What should you do in an earthquake?
Throughout the United States, we are taught to drop, cover, and hold on. Is this really your best bet for surviving an earthquake? Should you instead attempt to run out of whatever building you are in?
In the videos below from the recent M=7.1 earthquake just south of Mexico City show two buildings collapsing after the strongest shaking has past. Both buildings appear to have concrete structures, the first with an open first story, and the second with unreinforced masonry infill.
In the second of these videos, you can see the curtains swinging back and forth at a period of roughly two seconds. That means that even though none of the cars or people seem to be shaking, we think strong shaking was actually occurring. This is consistent with seismic waves recorded in central Mexico City:
These indicate that inside the lake bed, the dominant waves have a frequency of about 1.5-2 seconds, whereas outside the lake bed, the dominant frequency is about 0.25 seconds and the wave amplitude is about one-quarter the size. So, here’s how to interpret the observations we showed you above:
California’s building stock is different from Mexico City’s, but we do still have some collapse-prone structures. We asked a group of experts about the best thing to do when you feel an earthquake, and why.
Mark Benthien, the Director of Communication, Education, and Outreach at the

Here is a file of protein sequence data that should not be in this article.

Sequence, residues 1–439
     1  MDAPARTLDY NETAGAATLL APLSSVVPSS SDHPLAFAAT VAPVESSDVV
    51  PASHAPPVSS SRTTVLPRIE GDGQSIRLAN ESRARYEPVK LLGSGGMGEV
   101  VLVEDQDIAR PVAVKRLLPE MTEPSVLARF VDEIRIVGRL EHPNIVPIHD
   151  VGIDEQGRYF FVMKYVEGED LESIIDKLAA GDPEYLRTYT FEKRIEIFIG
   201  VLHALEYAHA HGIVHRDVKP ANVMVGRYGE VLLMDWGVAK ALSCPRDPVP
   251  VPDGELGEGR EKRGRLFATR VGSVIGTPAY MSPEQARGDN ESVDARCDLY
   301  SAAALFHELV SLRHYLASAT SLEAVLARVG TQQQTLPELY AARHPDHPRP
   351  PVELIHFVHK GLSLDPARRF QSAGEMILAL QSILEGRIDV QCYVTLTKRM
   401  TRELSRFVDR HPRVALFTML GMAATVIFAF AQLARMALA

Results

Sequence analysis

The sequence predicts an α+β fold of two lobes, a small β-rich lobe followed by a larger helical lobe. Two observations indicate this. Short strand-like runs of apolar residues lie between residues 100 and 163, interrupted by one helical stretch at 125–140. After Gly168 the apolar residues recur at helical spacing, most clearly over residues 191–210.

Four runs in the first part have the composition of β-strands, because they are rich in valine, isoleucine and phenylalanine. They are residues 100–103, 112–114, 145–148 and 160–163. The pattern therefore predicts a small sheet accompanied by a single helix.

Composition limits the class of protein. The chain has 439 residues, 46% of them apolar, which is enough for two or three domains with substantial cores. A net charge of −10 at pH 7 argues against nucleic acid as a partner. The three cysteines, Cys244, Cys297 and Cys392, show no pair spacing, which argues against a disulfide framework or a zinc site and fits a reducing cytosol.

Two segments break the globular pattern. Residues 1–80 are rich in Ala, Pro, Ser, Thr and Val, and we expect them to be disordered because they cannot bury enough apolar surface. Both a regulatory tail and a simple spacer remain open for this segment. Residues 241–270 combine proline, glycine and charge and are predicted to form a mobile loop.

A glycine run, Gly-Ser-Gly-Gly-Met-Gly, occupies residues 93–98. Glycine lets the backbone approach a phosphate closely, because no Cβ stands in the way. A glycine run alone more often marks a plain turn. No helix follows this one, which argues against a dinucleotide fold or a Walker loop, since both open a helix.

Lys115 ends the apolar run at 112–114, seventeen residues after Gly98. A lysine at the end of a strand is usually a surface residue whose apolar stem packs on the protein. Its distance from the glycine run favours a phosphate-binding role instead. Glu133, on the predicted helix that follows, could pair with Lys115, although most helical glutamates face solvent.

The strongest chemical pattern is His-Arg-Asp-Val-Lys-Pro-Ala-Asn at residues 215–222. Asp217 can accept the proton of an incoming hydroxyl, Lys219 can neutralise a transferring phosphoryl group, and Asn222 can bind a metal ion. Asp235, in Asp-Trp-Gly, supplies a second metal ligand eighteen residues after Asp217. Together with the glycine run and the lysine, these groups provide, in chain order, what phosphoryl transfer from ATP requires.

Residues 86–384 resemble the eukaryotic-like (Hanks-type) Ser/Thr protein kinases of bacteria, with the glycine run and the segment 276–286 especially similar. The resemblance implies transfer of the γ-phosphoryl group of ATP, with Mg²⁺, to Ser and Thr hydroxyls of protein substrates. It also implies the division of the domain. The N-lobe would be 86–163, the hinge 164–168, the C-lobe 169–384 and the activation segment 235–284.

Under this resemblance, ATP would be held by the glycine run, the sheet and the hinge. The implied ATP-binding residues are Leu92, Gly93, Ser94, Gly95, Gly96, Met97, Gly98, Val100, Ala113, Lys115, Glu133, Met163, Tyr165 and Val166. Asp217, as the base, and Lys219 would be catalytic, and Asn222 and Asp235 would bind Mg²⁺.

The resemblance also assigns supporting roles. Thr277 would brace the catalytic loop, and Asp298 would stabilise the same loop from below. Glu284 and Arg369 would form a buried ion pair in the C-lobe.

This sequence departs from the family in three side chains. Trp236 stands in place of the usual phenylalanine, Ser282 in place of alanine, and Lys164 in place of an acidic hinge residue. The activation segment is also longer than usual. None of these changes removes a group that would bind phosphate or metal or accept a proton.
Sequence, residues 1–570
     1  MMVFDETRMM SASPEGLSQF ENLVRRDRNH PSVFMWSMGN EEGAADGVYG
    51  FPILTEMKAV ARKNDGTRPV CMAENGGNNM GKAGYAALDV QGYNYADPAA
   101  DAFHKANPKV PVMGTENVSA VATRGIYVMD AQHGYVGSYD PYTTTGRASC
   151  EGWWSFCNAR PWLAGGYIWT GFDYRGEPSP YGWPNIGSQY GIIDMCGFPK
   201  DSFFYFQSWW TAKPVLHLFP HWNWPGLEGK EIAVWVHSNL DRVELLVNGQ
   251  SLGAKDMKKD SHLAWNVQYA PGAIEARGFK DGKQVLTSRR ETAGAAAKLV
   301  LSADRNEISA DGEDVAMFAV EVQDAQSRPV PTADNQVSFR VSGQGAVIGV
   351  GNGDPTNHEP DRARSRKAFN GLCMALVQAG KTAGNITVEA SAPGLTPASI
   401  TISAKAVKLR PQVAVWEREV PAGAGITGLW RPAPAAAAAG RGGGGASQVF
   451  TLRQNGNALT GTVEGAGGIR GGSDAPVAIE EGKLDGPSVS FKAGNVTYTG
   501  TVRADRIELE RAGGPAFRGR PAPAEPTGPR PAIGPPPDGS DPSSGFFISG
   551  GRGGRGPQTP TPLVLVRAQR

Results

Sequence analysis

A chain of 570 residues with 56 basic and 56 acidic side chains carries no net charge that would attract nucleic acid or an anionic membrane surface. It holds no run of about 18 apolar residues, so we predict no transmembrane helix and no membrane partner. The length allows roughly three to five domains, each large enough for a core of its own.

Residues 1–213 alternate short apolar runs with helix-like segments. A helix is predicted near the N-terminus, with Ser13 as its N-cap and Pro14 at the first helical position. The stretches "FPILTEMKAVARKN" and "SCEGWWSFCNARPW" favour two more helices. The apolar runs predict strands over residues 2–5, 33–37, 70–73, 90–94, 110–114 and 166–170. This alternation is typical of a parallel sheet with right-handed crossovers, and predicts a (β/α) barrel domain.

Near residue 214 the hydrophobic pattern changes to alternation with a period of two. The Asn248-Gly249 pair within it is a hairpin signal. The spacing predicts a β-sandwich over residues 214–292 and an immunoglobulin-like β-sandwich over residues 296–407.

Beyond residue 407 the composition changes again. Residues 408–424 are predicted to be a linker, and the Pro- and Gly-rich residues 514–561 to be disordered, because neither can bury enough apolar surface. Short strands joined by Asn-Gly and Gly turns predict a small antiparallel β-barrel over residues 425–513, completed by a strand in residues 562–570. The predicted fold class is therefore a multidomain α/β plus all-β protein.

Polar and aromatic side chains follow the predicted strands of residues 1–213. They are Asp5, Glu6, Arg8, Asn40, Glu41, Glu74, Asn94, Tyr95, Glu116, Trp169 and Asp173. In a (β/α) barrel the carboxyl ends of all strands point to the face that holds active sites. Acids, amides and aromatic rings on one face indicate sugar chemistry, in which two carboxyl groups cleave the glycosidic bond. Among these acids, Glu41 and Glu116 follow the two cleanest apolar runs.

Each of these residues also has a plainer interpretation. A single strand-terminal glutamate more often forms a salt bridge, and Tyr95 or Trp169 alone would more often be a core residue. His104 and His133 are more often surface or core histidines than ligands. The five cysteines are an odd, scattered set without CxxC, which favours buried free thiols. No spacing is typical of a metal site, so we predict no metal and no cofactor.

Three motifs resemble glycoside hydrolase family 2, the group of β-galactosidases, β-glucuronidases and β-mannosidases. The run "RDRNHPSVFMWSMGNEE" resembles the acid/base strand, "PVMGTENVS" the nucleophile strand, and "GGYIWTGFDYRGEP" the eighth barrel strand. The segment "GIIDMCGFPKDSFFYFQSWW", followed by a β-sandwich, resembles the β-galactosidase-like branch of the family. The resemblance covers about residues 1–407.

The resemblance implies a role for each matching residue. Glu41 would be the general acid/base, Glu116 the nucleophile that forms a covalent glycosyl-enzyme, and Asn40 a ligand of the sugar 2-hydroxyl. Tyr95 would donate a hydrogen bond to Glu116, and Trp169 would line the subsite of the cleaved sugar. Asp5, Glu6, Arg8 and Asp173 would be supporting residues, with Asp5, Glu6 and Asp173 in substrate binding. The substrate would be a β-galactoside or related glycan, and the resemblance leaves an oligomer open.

Southern California Earthquake Center, and the Global Coordinator of the Great ShakeOut drill said that “If someone is on higher floors, the uncertainty of total collapse and the time required to get out means getting under a sturdy table, or next to other solid objects if no shelter is available, is advised. Our urban search and rescuers who go to international earthquakes agree: They are more likely to find people alive in ‘survivable void spaces’ in collapsed buildings.” Benthien also stated, citing a Geohazards International study, that in the event that someone is on the ground flood of a building susceptible to collapse and there is ample space to move away from the building, exiting could be an option. However, he stressed that this study is “really more for very vulnerable buildings in Southern Asia (and perhaps elsewhere) where the likelihood of collapse is high.” Additionally, he stated that “this is a very complicated matter, that may not always have a one-size-fits-all solution for every possible situation.”
David Bonowitz, a Structural Engineer who chairs the the Existing Buildings Subcommittee of National Council of Structural Engineers Associastions Code Advisory Committee says that, in unreinforced masonry, the answer of what to do is simple, “Drop, Cover, Hold. Why? Because of the ways unreinforced masonry buildings break apart. In short, the brick walls peel away from the roof and floors and collapse onto the adjacent sidewalk and street. The last place you want to be in a California earthquake is just outside an unreinforced masonry building. There are rare cases of story collapse in addition to unreinforced masonry wall failure, but even in those cases running would not have been safer.”